In the eighth and final piece in our series on the Postgraduate Certificate in Education (PGCE), we will be talking about work-life balance and why it matters. So far in this series we have covered both academic and non-academic aspects of surviving and thriving in your PGCE year. This has included subjects like the benefits of financial aid over part-time working, reasons to take the academics of the PGCE more seriously, how to better organise yourself and more.

In parts four and five of the series we gave advice about staying busy in the PGCE by finishing assignments efficiently and early, and getting as involved as you can in school life. The message of this final part may seem to conflict with that message, but let us assure you that it doesn’t.

The importance of time off during your PGCE

Between all of your academic lectures, assignments and school placement, you are going to experience fatigue and stress. This is an inescapable fact. It’s one of the reasons we advised against having a separate part-time job on top of your course load. Finding time for rest and recreation is, therefore, an important task for you as a PGCE candidate.

Having time off is more than just giving yourself a lie-in, or a night out with friends. It’s about making time for yourself that is entirely separate from your PGCE life. If you manage your assignments well, ask for help from your mentor or colleagues when you need it, and stay organised with your planning and other work, then you should be able to give yourself at least one full day per week that is entirely your own.

What should you do with your full day off

Here, we would like to stress the idea of having a full day off if you can, because there is a world of difference between a day off and a morning off after which you need to do PGCE academic or other work. In the latter case, you spend your morning just worrying about the rest time ending and the work time resuming.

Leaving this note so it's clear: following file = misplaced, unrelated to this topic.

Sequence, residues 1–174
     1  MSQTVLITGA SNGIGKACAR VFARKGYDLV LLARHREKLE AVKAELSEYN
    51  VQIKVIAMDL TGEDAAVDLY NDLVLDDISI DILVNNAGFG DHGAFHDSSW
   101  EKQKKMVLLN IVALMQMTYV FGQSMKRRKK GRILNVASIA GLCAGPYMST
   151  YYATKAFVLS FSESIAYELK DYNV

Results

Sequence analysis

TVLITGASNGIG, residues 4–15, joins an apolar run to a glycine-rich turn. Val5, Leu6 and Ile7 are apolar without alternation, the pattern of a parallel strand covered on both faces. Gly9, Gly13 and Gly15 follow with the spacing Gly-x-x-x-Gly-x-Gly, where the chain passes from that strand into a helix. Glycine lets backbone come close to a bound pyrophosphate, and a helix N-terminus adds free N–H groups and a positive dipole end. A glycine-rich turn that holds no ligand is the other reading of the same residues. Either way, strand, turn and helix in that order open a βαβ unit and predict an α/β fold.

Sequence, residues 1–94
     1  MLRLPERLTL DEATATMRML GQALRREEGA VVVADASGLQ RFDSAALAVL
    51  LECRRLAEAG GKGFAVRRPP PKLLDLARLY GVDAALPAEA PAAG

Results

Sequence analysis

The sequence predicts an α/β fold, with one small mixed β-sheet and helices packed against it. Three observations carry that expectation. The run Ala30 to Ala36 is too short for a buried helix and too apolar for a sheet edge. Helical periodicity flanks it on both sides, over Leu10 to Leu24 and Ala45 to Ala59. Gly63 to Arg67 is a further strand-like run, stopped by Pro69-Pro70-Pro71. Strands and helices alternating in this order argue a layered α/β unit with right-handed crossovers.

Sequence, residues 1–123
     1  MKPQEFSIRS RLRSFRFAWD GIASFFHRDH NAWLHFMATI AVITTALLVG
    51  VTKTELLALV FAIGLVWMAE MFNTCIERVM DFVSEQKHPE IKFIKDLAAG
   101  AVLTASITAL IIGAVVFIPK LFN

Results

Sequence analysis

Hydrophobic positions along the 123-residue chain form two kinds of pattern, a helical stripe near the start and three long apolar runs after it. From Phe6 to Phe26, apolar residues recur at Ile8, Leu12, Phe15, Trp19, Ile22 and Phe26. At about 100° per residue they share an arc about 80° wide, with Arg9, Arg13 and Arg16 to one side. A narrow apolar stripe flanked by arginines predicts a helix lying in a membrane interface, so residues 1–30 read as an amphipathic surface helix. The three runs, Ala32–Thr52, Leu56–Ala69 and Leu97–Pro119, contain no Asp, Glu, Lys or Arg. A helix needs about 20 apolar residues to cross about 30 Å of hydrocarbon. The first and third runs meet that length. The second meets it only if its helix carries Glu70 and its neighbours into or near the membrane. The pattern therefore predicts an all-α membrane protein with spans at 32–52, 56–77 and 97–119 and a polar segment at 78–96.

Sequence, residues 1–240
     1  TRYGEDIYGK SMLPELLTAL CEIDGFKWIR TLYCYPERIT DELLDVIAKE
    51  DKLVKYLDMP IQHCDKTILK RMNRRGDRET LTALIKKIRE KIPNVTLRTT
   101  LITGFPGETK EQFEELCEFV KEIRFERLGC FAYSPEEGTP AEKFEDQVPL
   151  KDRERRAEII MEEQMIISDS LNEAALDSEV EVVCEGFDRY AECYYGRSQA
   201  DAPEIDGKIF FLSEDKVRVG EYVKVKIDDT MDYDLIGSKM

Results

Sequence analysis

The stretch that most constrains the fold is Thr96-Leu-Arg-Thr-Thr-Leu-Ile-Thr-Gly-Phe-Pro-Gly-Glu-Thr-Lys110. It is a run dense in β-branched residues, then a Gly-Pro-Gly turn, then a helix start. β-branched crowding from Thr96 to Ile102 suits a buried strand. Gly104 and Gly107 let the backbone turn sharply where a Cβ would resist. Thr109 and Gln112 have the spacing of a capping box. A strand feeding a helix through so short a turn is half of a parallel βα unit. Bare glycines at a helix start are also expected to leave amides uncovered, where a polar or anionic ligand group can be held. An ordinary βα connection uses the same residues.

Carving out an entire day leaves you flexibility and options. Here are some ideas of how you can better use your PGCE day off.

1. Keep your social life alive

Unless you live with other teachers in training, then it can be lonely for you outside of work. Spending time with friends will help to keep your sane after many lonely days at home each night working on your assignments, lesson plans, marking and other work. It doesn’t matter if you do something outdoorsy like go rock climbing, or just invite some people over for pizza and a Netflix marathon. It’s the human contact that is important.

To really enjoy your day off, it’s ideal if you can be with friends who won’t talk shop with you. Be warned that surrounding yourself exclusively with fellow teachers may well result in shop talk.

2. Read

This one sounds obvious, but reading is truly fuel for the soul. When we advise reading on your day off, by the way, we are not suggesting you re-read your PGCE academic materials. You’d be much better off reading something you genuinely enjoy. Teaching is a unique profession in that its practitioners get professional benefit from engaging in a hobby like reading. It expands horizons, and also provides teachers with the ability to say that they practice what they preach when dealing with students.

3. Take up a hobby

Another great constructive distraction that can even help enhance your professional life is taking up an interesting hobby. Some people think hobbies are just more work, and can even be expensive depending on what it is. We think, however, that hobbies bring valuable structure to free time, and even furnish you with something you can teach others. Perhaps it could become an after-school club in a school you work in after qualifying.

More importantly than that is the fact that hobbies provide us with an escape. They are an opportunity to explore ourselves and our passions, and can add entire new dimensions to our lives.

Don’t let the PGCE pressure get to you

Finally, it’s essential that you never lose sight of your real goal in taking the PGCE --- to join the teaching profession. This certification is the first step in what will hopefully become a long, fruitful and fulfilling career as an educator. You can’t expect to get everything right in this first year, nor should you try to do so.

Remember that while you are working hard to join the ranks of one of the noblest professions in the world, you are still only human. You have limitations, and a need for balance and harmony in your life.

Follow our advice, and we are confident that you will both survive and thrive in your PGCE year. Good luck to all of the aspiring educators out there who are on their way to positively influencing the lives of so many lucky young people.